Still other scientists at universities and in the private sector are studying how thoughtful use of fertilizers, herbicides and pesticides can help preserve the health of our soil and water, and how to meet demand for animal products in environmentally sustainable, humane ways.
Land-grant university scientists are studying how to improve feed efficiency and livestock nutrition, especially in this time of rising feed costs. Success in this research would lead to lower cost of production for the animal agriculture industry and less expensive meat and meat products for consumers. We may see impacts of this work on global food security as the ability to reduce the quantity of feed required to produce the protein people need is enhanced.
But none of this disaster prevention happens without public support. America needs policies that support science, particularly the agricultural sciences that have given us the cheapest, most plentiful and safest food in the world. The new Congress and the president, despite their reticence on the campaign trail, should not be afraid to talk about science, especially agricultural science, as a key priority for our nation.
Throughout the 20th century, farm productivity in the United States improved dramatically, along with the introduction of refrigeration and a national transportation network that made it possible for most families to enjoy fresh, safe, healthy food at any time of year.
Even better, because of those and other advances, Americans today pay a smaller percentage of their income for food than they did 50 years ago: about 10 percent of disposable income now versus 16 percent in 1962. We should be thankful for all of this.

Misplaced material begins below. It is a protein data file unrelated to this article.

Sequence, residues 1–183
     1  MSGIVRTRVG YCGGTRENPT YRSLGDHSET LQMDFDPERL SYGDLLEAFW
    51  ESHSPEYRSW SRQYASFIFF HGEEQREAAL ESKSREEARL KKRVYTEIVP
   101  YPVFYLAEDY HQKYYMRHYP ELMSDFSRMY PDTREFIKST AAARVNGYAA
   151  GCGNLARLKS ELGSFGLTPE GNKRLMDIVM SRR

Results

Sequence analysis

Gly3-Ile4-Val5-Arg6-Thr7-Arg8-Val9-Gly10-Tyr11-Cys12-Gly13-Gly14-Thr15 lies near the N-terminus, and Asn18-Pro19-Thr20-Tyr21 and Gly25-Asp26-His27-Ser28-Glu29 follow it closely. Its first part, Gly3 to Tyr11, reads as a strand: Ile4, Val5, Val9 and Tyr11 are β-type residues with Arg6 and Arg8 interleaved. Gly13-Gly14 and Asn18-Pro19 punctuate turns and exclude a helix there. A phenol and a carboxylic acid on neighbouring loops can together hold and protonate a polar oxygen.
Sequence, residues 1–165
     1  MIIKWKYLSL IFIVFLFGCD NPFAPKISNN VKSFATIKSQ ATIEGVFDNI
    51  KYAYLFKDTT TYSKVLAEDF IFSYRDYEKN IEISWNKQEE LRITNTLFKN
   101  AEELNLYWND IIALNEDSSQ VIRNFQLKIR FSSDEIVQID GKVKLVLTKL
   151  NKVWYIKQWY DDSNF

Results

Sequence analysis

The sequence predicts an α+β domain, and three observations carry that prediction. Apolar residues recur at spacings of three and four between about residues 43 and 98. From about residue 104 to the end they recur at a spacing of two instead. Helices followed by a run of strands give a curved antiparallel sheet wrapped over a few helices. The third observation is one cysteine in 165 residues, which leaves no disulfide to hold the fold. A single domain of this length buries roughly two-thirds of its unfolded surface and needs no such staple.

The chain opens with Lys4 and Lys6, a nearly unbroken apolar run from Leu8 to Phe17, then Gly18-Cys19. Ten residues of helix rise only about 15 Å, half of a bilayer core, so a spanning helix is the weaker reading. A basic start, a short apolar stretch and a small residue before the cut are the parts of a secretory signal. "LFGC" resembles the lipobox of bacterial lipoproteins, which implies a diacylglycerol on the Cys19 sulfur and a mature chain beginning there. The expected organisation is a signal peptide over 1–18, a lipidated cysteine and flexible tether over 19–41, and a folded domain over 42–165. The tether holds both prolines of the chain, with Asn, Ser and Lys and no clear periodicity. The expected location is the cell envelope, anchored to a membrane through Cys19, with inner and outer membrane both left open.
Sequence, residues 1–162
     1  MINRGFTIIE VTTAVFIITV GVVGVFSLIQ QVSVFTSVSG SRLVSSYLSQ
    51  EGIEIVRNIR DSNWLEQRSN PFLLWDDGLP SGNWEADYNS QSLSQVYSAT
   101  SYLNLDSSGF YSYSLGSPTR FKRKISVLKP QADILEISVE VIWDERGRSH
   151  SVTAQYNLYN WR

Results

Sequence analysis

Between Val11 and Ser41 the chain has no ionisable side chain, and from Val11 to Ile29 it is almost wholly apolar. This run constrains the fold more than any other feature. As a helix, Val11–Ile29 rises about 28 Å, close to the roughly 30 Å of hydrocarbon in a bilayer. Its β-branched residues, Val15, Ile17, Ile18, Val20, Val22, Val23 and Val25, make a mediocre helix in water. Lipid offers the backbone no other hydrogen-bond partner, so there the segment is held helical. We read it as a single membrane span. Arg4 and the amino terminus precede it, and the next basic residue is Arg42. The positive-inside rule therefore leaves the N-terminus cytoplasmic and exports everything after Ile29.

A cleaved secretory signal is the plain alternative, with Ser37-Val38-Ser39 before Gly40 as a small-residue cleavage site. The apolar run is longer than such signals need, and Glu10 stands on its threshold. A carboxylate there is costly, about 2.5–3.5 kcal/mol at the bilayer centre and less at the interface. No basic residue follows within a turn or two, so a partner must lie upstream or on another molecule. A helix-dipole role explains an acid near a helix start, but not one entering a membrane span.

Could our country and the world be facing a food disaster in the coming decades? Certainly. The stakes keep rising in the ability to feed billions more people. The risks keep increasing as climate becomes increasingly extreme and natural disasters continue to happen.
A fast-growing, hungry global population combined with fewer public resources devoted to research on increased productivity and disease resistance could lead to food shortages or skyrocketing prices, along with grim long-term effects on our soil and water.
Scientists aren’t superheroes who can prevent catastrophes, unfortunately. But they do some pretty amazing work, and if our national leaders do more to support public science as a solution to our challenges, we’ll still be able to say: “It could have been worse.”
l Submitted by Allen S. Levine, Dean of the College of Food, Agricultural and Natural Resource Sciences, the University of Minnesota; Alan Grant, Dean of the College of Agriculture and Life Sciences, Virginia Tech; Wendy Wintersteen, Dean of the College of Agriculture and Life Sciences, Iowa State University; and Bobby Moser, Dean of the College of Food, Agricultural and Environmental Sciences, The Ohio State University. Comments: firstname.lastname@example.org